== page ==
Dr. Nicolas Rougier is a full-time research scientist at the French National Institute for Research in Computer Science and Control. During the past decades he’s been working extensively on visual attention in order to understand how we visually explore a scene. Dr. Rougier discusses his work and visual attention and computation neuroscience in particular. He also dives deeper into how seeing is mostly an illusion and that we do not process all visual information that passed through our eyes and we’re making deliberate (consciously or not) choices on what we concentrate.
Dr. Nicolas Rougier is a full-time research scientist at the French National Institute for Research in Computer Science and Control (INRIA). He is working within the MNEMOSYNE project which lies at the frontier between integrative and computational neuroscience in association with the Institute of Neurodegenerative Diseases.
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Glimpse into the interview:
ES: What are you the most excited about in your field of work and why?
NR:Trying to understand how the brain works is exciting because, with the accompanying body, it is a wonderful machine that is able to learn, to adapt, to recover from lesion, etc. Today, even with the recent advances in neurosciences, we are still very far from understanding it. There is thus a real challenge to model a functional brain, i.e. a brain that do something.
ES: What makes this project/research special to you personally?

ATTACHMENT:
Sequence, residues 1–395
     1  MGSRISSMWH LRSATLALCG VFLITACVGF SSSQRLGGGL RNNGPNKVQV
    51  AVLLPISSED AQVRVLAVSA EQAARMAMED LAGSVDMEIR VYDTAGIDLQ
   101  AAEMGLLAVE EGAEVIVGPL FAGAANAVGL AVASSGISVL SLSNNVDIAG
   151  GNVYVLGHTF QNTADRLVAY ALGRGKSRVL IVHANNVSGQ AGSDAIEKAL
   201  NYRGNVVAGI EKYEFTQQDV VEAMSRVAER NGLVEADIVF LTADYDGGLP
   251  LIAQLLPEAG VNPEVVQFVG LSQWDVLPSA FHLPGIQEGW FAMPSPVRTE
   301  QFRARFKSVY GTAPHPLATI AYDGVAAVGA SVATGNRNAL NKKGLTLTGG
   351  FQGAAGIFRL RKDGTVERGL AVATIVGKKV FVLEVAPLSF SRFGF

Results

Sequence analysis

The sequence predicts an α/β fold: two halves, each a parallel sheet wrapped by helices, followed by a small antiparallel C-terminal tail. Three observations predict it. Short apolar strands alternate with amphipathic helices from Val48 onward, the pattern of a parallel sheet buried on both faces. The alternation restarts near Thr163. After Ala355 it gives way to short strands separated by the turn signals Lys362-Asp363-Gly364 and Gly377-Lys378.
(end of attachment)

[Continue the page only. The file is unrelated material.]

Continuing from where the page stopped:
NR:I’ve been interested in these researches because vision is really counter-intuitive. In this framework computational model can really help us understand the basic mechanisms that make us to attend this or that stimulus or this or that spatial location. The challenge at the computational level is that some decision must be taken, but there is no grand supervisor to do that.
ES: What is the next big obstacle that you see in this field and what implications will this have on the world of science or your study in particular?
NR:The very complexity of the brain make it very difficult to model and to understand it. We generally use model to simplify reality in order to have a better understanding. However, in the case of the brain, it is extremely difficult to design simplify models that still give a fair account of the reality. Thus, the next big obstacle would be to have computational models that are much complex as the reality they pretend to model.